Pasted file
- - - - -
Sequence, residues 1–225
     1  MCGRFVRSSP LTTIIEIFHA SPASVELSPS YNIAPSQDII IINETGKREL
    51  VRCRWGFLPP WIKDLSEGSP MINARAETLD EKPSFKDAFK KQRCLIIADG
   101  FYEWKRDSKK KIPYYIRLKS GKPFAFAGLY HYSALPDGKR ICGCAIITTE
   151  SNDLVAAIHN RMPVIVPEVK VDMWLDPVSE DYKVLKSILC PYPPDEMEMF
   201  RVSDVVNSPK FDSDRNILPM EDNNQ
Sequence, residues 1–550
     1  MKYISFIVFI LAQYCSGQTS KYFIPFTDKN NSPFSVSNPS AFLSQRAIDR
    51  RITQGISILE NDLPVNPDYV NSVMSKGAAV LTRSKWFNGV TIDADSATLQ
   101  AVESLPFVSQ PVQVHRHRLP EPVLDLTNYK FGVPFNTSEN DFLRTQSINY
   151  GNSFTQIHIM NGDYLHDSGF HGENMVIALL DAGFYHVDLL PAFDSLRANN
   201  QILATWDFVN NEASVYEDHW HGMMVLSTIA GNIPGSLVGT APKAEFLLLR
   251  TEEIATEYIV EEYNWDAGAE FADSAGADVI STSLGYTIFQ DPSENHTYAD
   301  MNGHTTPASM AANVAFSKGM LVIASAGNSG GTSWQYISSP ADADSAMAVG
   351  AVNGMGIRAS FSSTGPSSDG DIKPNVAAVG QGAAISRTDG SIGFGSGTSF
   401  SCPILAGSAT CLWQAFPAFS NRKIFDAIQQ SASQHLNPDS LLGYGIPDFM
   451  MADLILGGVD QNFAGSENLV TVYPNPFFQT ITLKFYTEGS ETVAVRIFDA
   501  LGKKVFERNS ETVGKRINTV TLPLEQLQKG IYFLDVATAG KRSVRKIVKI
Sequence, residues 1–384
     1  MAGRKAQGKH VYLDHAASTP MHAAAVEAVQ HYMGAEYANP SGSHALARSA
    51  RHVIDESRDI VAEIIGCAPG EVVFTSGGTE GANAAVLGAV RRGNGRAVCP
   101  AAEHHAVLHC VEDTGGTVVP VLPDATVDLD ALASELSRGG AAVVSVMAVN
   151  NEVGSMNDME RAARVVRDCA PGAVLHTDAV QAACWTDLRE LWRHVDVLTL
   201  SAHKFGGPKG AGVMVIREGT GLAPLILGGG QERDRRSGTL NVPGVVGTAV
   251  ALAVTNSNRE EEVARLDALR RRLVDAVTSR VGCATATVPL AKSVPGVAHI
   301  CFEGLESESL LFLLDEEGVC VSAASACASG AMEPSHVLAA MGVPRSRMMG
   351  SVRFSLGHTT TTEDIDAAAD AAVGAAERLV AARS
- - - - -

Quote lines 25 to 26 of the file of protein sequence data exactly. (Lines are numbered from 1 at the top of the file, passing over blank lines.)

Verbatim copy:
   251  ALAVTNSNRE EEVARLDALR RRLVDAVTSR VGCATATVPL AKSVPGVAHI
   301  CFEGLESESL LFLLDEEGVC VSAASACASG AMEPSHVLAA MGVPRSRMMG